But we end this season of creation with a celebration of the cosmos, a name for creation so vast that the ancient Israelites and early Christians could barely imagine the multiverse it suggests.  Even we, with our satellite telescopes that can paint the mysteries at the center of the galaxy, where stellar nurseries give birth to new stars, have only begun to grasp the vastness of creation.

The cosmos cannot be broken.  In its infinitely expanding, accelerating propulsion it precedes our great commission, sending itself ahead of us, testing our ability to dream even a fraction of its reality.  The cosmos dwarfs our weapons of mass destruction with infinite creation.

Before it we can only wonder.

In the explanation to the first article of the apostles’ creed, “I believe in God the Father Almighty, Maker of heaven and earth,” Martin Luther writes,

What does this mean? I believe that God has made me and all creatures; that He has given me my body and soul, eyes, ears, and all my limbs, my reason, and all my senses, and still preserves them; in addition thereto, clothing and shoes, meat and drink, house and homestead, wife and children, field, cattle, and all my goods; that He provides me richly and daily with all that I need to support this body and life, protects me from all danger, and guards me and preserves me from all evil; and all this out of pure, fatherly, divine goodness and mercy, without any merit or worthiness in me; for all which I owe it to Him to thank, praise, serve and obey Him. This is most certainly true.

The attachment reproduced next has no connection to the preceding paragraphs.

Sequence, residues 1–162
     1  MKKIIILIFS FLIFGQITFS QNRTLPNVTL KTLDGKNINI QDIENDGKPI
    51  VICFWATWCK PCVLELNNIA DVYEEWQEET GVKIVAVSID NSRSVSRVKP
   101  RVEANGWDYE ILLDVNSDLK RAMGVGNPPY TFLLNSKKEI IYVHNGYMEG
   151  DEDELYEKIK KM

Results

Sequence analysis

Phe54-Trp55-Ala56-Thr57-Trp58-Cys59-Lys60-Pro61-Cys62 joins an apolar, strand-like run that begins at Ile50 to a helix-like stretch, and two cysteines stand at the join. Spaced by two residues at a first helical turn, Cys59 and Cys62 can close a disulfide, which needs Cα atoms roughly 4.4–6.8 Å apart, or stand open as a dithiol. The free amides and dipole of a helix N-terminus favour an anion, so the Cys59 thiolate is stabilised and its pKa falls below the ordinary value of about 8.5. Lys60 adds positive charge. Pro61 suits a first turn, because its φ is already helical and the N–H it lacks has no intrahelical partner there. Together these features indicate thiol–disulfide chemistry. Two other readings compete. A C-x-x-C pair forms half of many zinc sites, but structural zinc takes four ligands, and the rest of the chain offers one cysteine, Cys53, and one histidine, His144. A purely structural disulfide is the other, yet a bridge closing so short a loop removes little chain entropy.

Surrounded, gifted, by the beauty and goodness of God’s creation — all of it born among the stars — what else can we do but thank and praise, serve and obey God by whose grace we and all the cosmos exist, by whose wisdom life emerges from the forces that bind atoms together, by whose love the world is given to us and we are given to the world — all of it a single, vast, interconnected, whole.

We are all stardust. This is most certainly true.